As part of an Indo-Danish Green Strategic Partnership, a wave powered desalination pilot will be developed to provide drinking water to coastal hamlets and islands.
Decentralised desalination to coastal hamlets and islands
As part of the Indo-Danish Green Strategic Partnership a number of technology developments are being developed, crossing the energy to the water markets.
One notable development is a collaboration between Danish headquartered Danfoss and the Indian Institute of Madras, Technology (IIT-M) to co-develop a wave powered desalination system.
Reverse osmosis (RO) membranes will be used in the pilot system, with produced drinking water will be supplied to coastal hamlets and islands.
The development is part of four MoUs signed between IIT-M and Danish companies, two with Danfoss and two with F L Smidthith operations in India.
The latter includes development on “decarbonisation of the cement industry”, using pyrolysis of waste fuels.
Professor Manu Santhanam told the Hindu Business Line that the Danish companies will initiate the projects and that IIT Madras will offer “technical assistance with clear guidelines and deliverables”.
Danish Crown Prince Frederik Andre Henrik Christian was quoted as saying: “We see great potential in sharing mutual knowledge with India and its bright engineers.”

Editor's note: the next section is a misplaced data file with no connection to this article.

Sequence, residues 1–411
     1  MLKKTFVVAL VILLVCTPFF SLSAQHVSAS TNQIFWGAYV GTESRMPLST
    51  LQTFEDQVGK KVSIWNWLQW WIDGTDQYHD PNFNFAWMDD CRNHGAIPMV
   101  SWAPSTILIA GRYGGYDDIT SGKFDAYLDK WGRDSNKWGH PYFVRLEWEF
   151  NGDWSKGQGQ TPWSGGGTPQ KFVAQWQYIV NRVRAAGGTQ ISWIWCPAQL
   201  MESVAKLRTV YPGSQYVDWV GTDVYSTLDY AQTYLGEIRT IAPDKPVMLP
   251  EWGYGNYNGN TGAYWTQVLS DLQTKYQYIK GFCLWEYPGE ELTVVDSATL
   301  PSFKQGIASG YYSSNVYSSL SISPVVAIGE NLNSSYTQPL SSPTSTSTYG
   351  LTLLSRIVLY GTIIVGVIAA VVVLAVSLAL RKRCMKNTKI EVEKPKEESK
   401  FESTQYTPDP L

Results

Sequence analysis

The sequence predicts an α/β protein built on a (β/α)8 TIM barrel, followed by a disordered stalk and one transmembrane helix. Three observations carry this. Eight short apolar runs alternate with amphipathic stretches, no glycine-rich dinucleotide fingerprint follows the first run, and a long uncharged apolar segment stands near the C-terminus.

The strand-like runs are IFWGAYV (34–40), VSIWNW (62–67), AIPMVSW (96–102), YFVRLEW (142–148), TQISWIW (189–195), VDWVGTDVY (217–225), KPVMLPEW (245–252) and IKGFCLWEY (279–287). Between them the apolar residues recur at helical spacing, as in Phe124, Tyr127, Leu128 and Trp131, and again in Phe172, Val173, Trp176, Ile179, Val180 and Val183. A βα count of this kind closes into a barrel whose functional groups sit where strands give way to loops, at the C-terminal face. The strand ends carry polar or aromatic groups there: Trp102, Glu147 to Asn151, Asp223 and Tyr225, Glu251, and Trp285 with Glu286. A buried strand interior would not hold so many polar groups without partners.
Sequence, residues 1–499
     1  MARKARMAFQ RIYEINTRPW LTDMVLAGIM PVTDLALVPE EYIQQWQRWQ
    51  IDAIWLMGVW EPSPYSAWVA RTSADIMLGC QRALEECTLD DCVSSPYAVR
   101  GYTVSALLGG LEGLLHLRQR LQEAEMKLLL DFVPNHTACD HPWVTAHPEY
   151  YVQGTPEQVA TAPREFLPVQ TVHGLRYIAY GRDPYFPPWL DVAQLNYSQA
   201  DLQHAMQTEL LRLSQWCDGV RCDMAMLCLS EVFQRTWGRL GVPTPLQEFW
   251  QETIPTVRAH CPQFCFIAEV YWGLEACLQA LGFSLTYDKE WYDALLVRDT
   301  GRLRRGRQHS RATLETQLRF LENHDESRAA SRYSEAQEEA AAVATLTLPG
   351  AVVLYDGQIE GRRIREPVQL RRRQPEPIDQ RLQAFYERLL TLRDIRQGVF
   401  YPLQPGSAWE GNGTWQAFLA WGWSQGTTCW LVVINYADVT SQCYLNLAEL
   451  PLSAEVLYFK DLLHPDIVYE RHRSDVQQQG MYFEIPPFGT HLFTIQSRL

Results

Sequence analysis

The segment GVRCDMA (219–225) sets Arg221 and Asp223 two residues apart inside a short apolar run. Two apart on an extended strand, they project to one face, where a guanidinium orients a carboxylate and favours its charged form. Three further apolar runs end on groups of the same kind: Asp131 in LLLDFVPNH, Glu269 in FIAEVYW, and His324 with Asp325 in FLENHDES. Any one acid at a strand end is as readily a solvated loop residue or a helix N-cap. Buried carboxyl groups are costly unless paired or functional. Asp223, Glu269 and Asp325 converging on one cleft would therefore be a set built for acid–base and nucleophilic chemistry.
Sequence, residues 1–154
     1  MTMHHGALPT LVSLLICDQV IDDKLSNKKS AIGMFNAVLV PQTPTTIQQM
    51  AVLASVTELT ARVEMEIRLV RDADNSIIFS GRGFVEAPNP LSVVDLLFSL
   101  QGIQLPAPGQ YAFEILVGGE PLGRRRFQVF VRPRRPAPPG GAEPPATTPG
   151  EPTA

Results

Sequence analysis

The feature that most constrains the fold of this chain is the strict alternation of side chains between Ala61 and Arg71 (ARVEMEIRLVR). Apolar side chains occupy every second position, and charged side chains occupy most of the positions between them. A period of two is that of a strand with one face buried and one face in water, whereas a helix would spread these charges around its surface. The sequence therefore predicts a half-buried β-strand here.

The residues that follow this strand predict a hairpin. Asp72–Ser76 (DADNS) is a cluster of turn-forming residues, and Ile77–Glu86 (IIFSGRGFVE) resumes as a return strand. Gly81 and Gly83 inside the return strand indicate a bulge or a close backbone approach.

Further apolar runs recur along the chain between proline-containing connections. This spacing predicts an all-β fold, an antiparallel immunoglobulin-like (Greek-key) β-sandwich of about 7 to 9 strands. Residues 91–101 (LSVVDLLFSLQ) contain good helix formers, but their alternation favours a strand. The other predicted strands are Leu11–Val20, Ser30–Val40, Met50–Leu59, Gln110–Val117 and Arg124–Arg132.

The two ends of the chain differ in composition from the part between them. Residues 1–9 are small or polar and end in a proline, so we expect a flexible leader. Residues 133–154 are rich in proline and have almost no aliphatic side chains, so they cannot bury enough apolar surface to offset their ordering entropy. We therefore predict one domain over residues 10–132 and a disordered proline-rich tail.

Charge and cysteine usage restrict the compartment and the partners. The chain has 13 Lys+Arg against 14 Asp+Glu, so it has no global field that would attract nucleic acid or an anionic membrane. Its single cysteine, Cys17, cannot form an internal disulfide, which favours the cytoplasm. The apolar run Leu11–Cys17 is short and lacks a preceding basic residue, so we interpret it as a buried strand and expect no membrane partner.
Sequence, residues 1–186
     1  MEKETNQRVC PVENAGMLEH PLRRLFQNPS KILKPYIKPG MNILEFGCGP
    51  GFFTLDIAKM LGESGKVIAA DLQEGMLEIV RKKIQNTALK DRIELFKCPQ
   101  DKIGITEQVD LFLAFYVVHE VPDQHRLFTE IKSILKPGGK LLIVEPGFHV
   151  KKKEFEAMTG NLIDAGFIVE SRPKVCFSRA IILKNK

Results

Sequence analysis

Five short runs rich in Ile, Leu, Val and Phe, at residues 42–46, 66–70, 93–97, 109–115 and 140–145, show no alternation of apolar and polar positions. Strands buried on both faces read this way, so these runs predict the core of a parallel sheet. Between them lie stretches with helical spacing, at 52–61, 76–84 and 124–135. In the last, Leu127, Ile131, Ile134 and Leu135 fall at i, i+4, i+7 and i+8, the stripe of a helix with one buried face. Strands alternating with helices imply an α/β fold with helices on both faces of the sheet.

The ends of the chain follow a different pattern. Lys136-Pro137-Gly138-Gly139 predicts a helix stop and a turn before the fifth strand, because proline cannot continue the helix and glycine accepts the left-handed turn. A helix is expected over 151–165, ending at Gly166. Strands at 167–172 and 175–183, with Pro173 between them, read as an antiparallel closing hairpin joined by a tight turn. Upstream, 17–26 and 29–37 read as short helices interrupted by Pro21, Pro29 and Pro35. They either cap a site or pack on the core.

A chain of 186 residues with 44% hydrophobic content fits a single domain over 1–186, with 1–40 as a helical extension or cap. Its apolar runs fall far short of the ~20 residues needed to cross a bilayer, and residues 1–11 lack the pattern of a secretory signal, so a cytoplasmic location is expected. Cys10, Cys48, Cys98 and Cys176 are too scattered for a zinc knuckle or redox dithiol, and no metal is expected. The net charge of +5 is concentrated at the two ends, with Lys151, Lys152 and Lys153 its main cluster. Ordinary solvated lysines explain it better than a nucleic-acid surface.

Market developments to date
Multiple efforts are underway to commercialise and scale up wave-powered desalination.
One example is the Wave2O process, designed by Boston-based Resolute Marine Energy, under development for more than a decade.
The process uses several wave energy converters (WECs) to pressurize seawater, which is then piped ashore to directly drive a seawater reverse osmosis (RO) desalination system.
A series of paddles are moved forwards and back by the waves and the resulting energy is then harnessed to filter seawater.
Elsewhere, Quebec company Oneka Technologies is gaining traction with its floating, buoy-based system.
Buoys anchored 200 metres to three kilometres from the shoreline house the desalination systems. A ‘pumping’ action occurs when the buoys rise and fall with the waves, which compresses the seawater and squeezes it through a reverse osmosis membrane.
Ambitious estimates from the company are that the smallest systems (comprising five buoys) can produce 50,000 litres per day, with larger systems (100 buoys) able to produce one million litres per day.